Race and the Gospel, Part 2
How refusing to acknowledge our racialized history contributes to our current state of affairs
Part of moving forward in our relationships with each other means first looking back and remembering.
In this five-part video/blog series, we will consider the reality of racism and what it means for us as the Church. Last week we looked at how our churches are divided along racial lines. This second blog post will examine how refusing to acknowledge our racialized history contributes to our current state of affairs.
Blindspots: Not Acknowledging the Past
We all have stories. This is true both individually and collectively. Who we are cannot be separated from the stories that have formed us. When we consider the state of division along racial lines in our country and in our churches, we cannot write off the ways our past has shaped our present.
Consider the removal of Native Americans from their land, slavery, Reconstruction, Jim Crow, Japanese internment and mistreatment of migrant farm workers. Each has had a profound effect on our current state of affairs.
The reality of our past is not meant to be used as an indictment against any one person or group of people, but these things cannot be ignored if we would forge a path forward.
One of the effects of racism is that it has caused us to both forget and misremember—meaning that we either forget our own history or remember it incorrectly. This happens when we do not give everyone an opportunity to tell the story from their perspective.
Our school history books are not unbiased. Often, what are told as the facts of history come from a particular perspective and communicate a particular narrative. For example, our history books would look quite different if they were written from the Native American perspective. This is important because when we neglect to hear the stories of others, we often create our own narratives about a person or group of people.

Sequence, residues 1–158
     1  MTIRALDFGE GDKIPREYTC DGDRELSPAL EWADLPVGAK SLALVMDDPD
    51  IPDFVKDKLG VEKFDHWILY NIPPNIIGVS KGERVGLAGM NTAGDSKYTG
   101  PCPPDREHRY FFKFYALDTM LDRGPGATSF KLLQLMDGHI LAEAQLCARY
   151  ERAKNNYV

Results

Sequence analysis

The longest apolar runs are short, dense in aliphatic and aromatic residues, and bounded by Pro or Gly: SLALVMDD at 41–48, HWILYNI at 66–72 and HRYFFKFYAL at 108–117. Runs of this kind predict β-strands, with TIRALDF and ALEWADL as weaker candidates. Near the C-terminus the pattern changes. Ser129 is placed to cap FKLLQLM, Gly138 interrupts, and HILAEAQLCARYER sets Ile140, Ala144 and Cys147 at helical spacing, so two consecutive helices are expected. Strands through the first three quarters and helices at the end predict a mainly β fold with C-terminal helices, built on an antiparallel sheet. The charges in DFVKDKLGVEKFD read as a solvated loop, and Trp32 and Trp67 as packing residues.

As an example of how the past shapes the present, consider the state of our cities. We cannot talk about the existence of inner-city ghettos that are largely African American without talking about redlining. Redlining is the practice of denying key services (like home loans and insurance) or increasing their costs for residents in a defined geographical area.
This practice began with the Federal Housing Act of 1934. The agencies birthed out of this Act generated something called “residential security maps,” which were used to determine the safety of real-estate investments in certain geographic areas. Existing black neighborhoods were marked as unsafe, thus being made ineligible for financing. With no cash available, it was nearly impossible to afford a home or business in your area.
This practice was not outlawed until 1977. The effects of such a practice continue to shape the African-American community at large.
God often exhorted the children of Israel to remember their past. When Joshua called together the tribes of Israel at the end of his life (Joshua 24), he recounted to them their long history as a people, and God’s faithful activity in and among them. The practice of remembrance was to acknowledge God’s activity as well as remind them of the ways they had historically fallen into patterns of disobedience.
When we engage in the practice of remembrance, we begin the process of ensuring that our future will not be made up of the sins that defined our past. Not acknowledging the past keeps us from truly being united with one another.
As we seek the unity that should characterize the body of Christ, let us do the hard work of remembering our past, and listening to how it is told from other perspectives.
Discuss this post with others on your leadership team or in your small group, and ask:
1. What things make it difficult to hear from another’s perspective?
2. How can God’s call to the people of Israel to “remember” help us in the fight against racial injustice?
Read Part 3: “Blindspots: Normative Thinking”